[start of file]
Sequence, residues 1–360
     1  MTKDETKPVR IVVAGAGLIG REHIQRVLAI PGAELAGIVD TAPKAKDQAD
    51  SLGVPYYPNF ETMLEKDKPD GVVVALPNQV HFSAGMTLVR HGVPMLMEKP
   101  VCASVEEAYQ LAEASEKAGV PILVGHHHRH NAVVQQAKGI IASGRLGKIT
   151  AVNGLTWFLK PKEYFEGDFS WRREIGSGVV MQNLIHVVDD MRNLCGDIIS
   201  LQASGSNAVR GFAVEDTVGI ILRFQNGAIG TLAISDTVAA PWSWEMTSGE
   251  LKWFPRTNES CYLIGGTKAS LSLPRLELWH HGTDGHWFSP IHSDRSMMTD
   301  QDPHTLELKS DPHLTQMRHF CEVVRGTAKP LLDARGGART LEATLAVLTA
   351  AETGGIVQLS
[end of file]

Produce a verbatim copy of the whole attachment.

Sequence, residues 1–360
     1  MTKDETKPVR IVVAGAGLIG REHIQRVLAI PGAELAGIVD TAPKAKDQAD
    51  SLGVPYYPNF ETMLEKDKPD GVVVALPNQV HFSAGMTLVR HGVPMLMEKP
   101  VCASVEEAYQ LAEASEKAGV PILVGHHHRH NAVVQQAKGI IASGRLGKIT
   151  AVNGLTWFLK PKEYFEGDFS WRREIGSGVV MQNLIHVVDD MRNLCGDIIS
   201  LQASGSNAVR GFAVEDTVGI ILRFQNGAIG TLAISDTVAA PWSWEMTSGE
   251  LKWFPRTNES CYLIGGTKAS LSLPRLELWH HGTDGHWFSP IHSDRSMMTD
   301  QDPHTLELKS DPHLTQMRHF CEVVRGTAKP LLDARGGART LEATLAVLTA
   351  AETGGIVQLS